There are two primary reasons to buy an RV fixer-upper:

  1. You’re trying to start small and save some money, while also adding some personal touches to make the vehicle uniquely yours, or
  2. You enjoy working with your hands and renovating things either for your own personal use or to flip the vehicle for sale after the renovation has been completed.

However, unless you’re a skilled mechanic with welding equipment, a metal grinder, a lot of money, and plenty of time on your hands, there are RVs that can be too far gone, even if someone gives it to you for free. So, what do you need to know about buying a used toy hauler or other motorhome with the intention to renovate? To help you make the best decision, RVT is providing six key tips for buying an RV fixer-upper.

1. Know Before You Go

Before you do anything else, you need to determine what your budget for the entire process will be. This not only provides you with a ballpark estimate on what you’re willing to spend for the RV itself, but also the repairs and renovations that will be needed to make it a valuable asset for you.

With this number in mind, you can spend a little more on a used RV if it looks like it might be in really good condition. Conversely, if it has some flaws and needs some work, you might be able to negotiate down the price so you can free up more money to fix it up.

2. The Search Is On

RVT has thousands of listings for pre-owned Class A diesel motorhomes and other used RVs to help you begin your quest. You can search our marketplace by RV Type, Make, Brand, or Keywords, and narrow your options down to whatever distance you are willing to go to visit the seller and take a tour of the vehicle for sale. You’ll also be able to search by a minimum and maximum price, which is why setting your budget first is so important. 

Once you’ve narrowed your search down to a few choice selections, you can make an appointment to go onsite to see each RV in person. For the rest of the article, we’ll break down what you want to look for when conducting your inspections:

3. Watch Out for Water Damage

As a word of caution, some RVs on the market have been purchased at auction after being damaged by flooding. Even after being dried and professionally cleaned, a keen eye may spot evidence of water intrusion in the backs of closets or storage areas.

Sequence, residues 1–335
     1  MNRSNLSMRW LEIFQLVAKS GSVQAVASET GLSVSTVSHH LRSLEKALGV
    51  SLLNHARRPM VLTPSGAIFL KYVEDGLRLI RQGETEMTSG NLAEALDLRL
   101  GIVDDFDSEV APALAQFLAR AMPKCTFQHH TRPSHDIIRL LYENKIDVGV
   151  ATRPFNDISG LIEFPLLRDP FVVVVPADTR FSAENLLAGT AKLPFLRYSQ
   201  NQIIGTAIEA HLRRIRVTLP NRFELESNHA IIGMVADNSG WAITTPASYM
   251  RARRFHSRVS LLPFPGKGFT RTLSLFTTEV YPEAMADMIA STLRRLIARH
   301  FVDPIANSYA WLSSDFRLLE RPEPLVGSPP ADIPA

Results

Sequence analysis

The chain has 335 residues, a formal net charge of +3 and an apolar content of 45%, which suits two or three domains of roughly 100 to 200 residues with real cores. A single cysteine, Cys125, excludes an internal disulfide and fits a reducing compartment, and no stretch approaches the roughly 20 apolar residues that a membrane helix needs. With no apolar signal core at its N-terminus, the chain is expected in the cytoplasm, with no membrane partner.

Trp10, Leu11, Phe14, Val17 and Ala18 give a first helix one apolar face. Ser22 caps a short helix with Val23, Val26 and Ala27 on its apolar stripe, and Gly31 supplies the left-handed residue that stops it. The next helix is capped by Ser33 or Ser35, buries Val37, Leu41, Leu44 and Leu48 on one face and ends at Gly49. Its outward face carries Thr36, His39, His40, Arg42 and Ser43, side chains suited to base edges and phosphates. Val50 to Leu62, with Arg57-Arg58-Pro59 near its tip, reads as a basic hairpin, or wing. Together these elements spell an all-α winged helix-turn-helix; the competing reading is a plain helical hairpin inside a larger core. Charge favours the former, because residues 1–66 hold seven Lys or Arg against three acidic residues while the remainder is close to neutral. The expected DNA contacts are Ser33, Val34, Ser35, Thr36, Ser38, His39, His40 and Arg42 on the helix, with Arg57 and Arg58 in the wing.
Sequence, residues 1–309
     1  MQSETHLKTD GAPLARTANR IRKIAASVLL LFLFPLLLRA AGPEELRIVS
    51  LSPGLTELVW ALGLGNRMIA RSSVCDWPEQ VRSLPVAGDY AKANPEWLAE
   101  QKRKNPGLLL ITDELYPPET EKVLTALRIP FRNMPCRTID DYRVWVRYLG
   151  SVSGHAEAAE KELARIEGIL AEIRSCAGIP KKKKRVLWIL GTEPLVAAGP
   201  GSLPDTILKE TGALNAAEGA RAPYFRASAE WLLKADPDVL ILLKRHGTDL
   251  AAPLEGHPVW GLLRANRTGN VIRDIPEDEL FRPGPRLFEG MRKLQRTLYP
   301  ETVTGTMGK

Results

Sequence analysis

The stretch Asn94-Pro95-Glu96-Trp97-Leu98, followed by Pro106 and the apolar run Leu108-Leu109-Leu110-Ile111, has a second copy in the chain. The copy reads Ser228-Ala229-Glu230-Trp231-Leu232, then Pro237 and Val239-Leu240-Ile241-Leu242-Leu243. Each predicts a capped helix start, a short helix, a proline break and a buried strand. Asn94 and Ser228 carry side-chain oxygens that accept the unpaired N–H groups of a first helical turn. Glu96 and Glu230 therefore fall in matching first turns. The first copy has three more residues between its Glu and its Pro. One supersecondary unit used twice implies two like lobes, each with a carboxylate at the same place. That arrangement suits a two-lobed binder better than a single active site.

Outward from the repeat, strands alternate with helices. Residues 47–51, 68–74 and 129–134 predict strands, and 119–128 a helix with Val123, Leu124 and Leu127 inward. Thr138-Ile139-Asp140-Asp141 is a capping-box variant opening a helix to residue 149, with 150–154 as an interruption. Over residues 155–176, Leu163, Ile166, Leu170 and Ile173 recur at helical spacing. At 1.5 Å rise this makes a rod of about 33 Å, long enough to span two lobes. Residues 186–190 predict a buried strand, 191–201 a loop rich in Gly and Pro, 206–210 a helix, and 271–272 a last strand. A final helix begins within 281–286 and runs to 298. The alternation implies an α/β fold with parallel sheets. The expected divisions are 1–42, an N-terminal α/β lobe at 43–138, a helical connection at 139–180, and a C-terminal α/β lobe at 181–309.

Carefully check the walls, the ceiling, and the floors inside the RV. Look for discolorations, especially around areas in the roof or walls that have been penetrated for various installations. This could include windows, skylights, vents, fans, etc. Also look for peeling or peeled wallpaper/paint and soft or squishy areas on the floor.

An RV that has been in a flood or other water damage can have a lot of hidden issues that can become costly down the road (no pun intended). In fact, any evidence of water damage from flooding or leaks can spell big trouble, so if you find water damage, you may want to move to the next travel trailer RV or other motorhome on your list.

4. Let There Be Light

Electrical issues are the second most common problem with used RVs. Try all of the light switches and appliances, including the water pump, furnace, generator, refrigerator, air conditioner, and water heater. Plug your phone into every socket to make sure you are getting a charge.

If the RV is in storage or a state of winterization, it may not have a battery installed. Nonetheless, it should be able to be plugged in while conducting your electrical test. Unless you’re a licensed electrician who has experience with wiring harnesses, if you find any electrical issues, you once again might want to continue your search for a less complicated renovation project.

5. Diamond In The Rough, Or Bucket Of Rust?

Going back to the picture at the top of this article; even from a distance you can see rust on the bottom of the passenger door, severe damage to the exterior cabin door, and the tires look like they are in sad shape.

Any sign of rust is a red flag. Rust has a tendency to spread, which can cause serious structural damage. Look around the windows and doors, all of the edges of the RV, including around the storage areas and the undercarriage. Rust equals bust, so run if you find any.

6. Eyes Like A Hawk

Once you find an RV that suits your needs and lives up to your standards, you still may want to invest in a professional inspection conducted by your local dealership. They know what to look for and they have the knowledge to spot issues you might not even notice. Spending a few extra dollars up front may help save you from a nightmare of financial problems in the future. Find a dealership near you with our handy Dealer Searcher to find a dealership near you.

Ultimately, the final decision is yours to make in how much time, money, and energy you want to invest in your fixer-upper. Your dealership inspection can give you a better idea of how much of each you’ll need to make the vehicle your next gateway to the open road. Make sure what they point out is in your budget before settling on a final purchase price with the seller. And if you’re ready to start searching, browse all the new and used motorhomes for-sale on

By Barrett Baker

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